Enlist False Teachers. The apostles and prophets frequently had to contend with those who were causing division by turning people away from Bible truth. Peter speaks of them as “wells without water” (2 Pet. 2:17) and Paul warns against “giving heed to deceiving spirits and doctrines of demons” (1 Tim. 4:1). Sometimes the most winsome and persuasive speakers are actually the devil’s deceivers in disguise.

Exalt Supposed “Facts” of Science. While many wonderful scientific discoveries in the natural world, in medicine, and many other fields have enriched our lives, “the greatest minds, if not guided by the word of God in their research, become bewildered in their attempts to investigate the relations of science and revelation” (p. 522).

Encourage People to Doubt God’s Word. From the beginning, this approach has been one of Satan’s most successful strategies. In Eden, the serpent raised the question, “Has God really said . . . ?” (Gen. 3:1, NASB2020), which led to strange new thoughts flooding Eve’s mind. God never removes all reasons for doubt or unbelief. “Those who refuse to accept and obey God’s word until every objection has been removed, and there is no longer an opportunity for doubt, will never come to the light” (p. 527).

Counterfeits Closely Resembling the Truth. Without careful study of the Bible, it will be difficult to discern truth from error. All who are willing to be deceived will be. It is important not to rely on what sounds right or what a person’s pastor or teacher says is right. We must search the Scriptures for ourselves, “test all things; hold fast what is good” (1 Thess. 5:21).

It’s surprising to consider how many faithful Christians are derailed and deceived by one or more of these strategies. Consider, for example, what most Christians believe about death. Frequently we hear someone say a dear friend or relative is now in heaven. There’s even a television series called “Going Home” about Christian nurses who help their patients along what they call “the ultimate journey” to their “forever home.” It sounds nice, at first. On the other hand, how many of us would like our dead relatives looking down on us from heaven, aware of all our sorrows and struggles, but apparently helpless to intervene?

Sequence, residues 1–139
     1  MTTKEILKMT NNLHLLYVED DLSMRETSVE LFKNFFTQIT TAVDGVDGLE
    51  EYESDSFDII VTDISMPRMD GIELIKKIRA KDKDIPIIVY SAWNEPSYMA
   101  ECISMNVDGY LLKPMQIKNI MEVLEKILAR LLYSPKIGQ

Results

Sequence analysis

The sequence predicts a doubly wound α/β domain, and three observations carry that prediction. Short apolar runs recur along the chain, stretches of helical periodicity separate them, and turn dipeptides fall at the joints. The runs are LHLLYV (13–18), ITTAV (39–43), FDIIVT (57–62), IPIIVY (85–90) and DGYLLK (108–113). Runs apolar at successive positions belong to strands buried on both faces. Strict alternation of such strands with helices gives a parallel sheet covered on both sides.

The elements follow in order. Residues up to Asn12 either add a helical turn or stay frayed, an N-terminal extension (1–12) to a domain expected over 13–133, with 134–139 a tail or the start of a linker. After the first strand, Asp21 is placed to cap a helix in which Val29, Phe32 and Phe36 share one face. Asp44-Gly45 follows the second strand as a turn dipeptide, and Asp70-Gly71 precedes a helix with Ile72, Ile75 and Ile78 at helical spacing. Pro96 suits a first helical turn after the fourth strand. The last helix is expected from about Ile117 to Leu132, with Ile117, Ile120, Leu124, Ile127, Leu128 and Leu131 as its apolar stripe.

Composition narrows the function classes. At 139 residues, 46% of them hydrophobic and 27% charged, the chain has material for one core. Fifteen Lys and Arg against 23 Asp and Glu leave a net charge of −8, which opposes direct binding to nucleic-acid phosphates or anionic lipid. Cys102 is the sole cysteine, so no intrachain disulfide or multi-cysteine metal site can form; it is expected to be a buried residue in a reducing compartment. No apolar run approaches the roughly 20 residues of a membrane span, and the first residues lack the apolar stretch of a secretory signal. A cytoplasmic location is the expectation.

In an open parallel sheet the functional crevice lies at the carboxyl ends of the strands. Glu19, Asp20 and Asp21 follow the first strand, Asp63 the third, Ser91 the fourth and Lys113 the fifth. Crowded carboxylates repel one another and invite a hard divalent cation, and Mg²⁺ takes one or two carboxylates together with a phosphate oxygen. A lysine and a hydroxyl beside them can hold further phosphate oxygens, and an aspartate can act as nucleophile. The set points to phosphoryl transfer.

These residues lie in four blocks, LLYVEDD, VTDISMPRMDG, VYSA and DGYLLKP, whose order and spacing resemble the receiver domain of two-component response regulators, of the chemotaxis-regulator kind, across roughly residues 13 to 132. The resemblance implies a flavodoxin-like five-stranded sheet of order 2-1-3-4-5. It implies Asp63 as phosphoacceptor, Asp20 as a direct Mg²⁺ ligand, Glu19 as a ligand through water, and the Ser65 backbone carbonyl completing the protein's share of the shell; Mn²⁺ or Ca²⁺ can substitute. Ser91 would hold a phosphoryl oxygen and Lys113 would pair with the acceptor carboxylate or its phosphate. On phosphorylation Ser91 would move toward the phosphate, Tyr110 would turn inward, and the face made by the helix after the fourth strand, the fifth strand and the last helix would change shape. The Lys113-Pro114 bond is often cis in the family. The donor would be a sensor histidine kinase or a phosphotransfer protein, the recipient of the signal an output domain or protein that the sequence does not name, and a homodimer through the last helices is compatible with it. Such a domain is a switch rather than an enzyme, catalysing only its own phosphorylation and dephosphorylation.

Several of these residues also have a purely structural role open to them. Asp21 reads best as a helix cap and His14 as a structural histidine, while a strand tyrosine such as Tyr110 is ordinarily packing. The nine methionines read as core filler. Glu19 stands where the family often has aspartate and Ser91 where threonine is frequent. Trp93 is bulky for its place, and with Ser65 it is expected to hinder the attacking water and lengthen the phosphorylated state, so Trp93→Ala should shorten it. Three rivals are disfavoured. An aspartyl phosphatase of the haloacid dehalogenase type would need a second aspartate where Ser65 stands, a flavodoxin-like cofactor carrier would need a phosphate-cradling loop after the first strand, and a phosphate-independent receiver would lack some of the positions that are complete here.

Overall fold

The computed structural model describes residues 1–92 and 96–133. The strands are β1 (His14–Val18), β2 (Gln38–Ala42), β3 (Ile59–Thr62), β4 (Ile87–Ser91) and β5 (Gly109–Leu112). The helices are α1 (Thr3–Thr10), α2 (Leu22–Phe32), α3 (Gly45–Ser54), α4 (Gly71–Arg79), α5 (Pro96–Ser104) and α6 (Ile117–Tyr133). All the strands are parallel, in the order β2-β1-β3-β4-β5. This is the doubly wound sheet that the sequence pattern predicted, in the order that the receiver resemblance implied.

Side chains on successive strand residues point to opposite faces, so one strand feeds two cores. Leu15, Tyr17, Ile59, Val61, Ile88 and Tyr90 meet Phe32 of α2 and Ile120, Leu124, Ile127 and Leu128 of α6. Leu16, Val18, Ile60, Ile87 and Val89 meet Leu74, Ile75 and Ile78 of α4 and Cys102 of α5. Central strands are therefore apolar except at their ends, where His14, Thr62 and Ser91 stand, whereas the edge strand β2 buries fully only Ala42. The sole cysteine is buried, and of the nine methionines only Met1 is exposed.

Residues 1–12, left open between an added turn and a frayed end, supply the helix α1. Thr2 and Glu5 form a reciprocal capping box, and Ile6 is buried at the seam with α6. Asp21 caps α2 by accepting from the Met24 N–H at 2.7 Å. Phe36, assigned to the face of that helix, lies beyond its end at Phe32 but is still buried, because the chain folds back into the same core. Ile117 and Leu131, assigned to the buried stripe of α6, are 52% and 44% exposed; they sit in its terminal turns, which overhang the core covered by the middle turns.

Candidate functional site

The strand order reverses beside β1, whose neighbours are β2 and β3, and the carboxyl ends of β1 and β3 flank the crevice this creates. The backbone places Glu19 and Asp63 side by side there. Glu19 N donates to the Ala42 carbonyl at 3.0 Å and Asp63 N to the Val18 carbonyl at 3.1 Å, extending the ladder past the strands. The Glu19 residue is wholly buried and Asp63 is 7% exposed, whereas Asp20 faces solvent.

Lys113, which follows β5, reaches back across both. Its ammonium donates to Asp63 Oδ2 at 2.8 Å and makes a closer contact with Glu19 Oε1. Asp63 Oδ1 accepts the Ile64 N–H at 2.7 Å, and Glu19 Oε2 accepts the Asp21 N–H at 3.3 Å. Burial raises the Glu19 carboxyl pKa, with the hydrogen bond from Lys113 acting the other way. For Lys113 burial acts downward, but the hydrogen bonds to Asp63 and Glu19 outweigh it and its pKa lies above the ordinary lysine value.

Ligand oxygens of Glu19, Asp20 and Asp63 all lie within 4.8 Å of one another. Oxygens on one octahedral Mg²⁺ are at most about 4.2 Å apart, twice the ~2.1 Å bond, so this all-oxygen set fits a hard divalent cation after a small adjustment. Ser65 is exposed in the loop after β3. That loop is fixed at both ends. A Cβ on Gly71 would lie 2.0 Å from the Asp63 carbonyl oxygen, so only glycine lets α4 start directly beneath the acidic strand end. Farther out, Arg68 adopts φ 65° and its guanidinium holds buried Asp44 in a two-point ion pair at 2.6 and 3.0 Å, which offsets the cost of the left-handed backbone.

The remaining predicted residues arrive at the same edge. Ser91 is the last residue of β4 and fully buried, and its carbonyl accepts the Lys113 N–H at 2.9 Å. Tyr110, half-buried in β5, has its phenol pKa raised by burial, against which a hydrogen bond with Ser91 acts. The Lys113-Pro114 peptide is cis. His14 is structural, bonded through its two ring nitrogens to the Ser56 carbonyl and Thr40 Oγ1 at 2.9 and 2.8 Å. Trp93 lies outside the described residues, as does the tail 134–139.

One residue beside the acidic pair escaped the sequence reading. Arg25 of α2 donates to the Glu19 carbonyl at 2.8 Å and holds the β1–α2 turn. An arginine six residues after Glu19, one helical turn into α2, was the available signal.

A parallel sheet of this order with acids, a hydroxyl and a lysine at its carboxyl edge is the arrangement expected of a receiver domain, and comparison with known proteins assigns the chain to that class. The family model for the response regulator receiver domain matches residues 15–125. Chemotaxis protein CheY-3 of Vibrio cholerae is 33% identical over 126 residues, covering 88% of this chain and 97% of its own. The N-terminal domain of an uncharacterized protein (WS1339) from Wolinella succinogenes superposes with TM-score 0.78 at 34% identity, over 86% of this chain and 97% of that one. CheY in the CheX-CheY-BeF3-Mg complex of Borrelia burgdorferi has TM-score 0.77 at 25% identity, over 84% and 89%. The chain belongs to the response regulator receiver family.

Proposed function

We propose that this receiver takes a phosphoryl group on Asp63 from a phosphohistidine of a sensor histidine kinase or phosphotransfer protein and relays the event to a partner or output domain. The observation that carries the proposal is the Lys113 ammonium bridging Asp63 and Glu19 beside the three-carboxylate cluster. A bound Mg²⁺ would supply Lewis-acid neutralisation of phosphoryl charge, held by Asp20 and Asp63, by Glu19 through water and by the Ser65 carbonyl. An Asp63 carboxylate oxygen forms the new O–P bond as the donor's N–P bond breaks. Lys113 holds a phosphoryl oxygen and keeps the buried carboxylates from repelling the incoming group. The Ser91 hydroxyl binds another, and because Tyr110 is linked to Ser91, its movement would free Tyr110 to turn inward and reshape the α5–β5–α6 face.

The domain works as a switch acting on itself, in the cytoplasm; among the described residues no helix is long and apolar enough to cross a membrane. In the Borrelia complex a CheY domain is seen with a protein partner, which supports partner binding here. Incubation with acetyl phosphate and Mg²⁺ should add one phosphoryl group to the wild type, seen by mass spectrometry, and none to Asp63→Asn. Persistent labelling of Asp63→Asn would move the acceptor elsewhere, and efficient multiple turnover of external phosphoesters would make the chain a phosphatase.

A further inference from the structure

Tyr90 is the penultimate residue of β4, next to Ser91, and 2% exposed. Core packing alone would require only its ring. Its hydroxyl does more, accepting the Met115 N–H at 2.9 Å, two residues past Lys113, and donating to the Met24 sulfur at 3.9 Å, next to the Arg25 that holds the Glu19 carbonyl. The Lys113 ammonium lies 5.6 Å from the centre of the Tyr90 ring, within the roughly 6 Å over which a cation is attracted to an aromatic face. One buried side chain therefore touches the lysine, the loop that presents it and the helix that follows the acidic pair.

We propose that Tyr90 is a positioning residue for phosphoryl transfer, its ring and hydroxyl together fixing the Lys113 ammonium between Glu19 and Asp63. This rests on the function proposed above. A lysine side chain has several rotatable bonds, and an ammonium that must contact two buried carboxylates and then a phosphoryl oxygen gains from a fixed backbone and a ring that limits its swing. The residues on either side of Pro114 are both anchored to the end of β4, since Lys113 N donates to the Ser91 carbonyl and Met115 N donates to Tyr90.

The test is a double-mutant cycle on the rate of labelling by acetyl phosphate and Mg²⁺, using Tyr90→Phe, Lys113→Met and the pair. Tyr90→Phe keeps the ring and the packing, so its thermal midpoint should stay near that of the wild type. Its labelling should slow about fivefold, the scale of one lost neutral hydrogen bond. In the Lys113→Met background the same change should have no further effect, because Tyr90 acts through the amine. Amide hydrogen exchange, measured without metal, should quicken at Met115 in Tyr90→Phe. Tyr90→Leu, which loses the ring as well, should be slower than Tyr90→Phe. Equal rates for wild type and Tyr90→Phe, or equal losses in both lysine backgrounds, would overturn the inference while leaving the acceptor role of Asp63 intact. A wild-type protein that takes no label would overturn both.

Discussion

Understanding the Bible’s description of what constitutes human life, the nature of death and the spirit world is a powerful safeguard from Satan’s deceptions.

The Equation of Life

First, the Bible teaches we are all made in the image of God (Gen. 1:26-28) as whole persons.[i] In Genesis 2:7 we read, “the Lord God formed man of the dust of the ground, and breathed into his nostrils the breath of life; and man became a living being.” This is the equation of life: dust + the breath of life = a living being. Physical, mental, and spiritual aspects are combined to form a whole person.

This is the equation of life: dust + the breath of life = a living being.

The Hebrew word for “being” is nephesh and the Greek word is psychē, words generally translated “soul” throughout the Scriptures. But the Bible never speaks of humans having an immortal soul that can exist independently from the body. In fact, it teaches quite the opposite, that God “alone has immortality” (1 Tim. 6:16). Separate the spiritual or life-giving aspect (“the breath of life”) from the material aspect (“the dust of the ground”) and human life ceases. In a similar way, the Bible describes the “spirit” or life leaving a person at the moment of death (Gen. 35:18; Ps. 31:6; 146:4). According to James 2:26, “the body without the spirit is dead.” Resurrection is the moment when God imparts life to the person again (1 Kings 17:21; Luke 8:55). So the biblical understanding of death is closely associated with the resurrection.

An Unconscious Sleep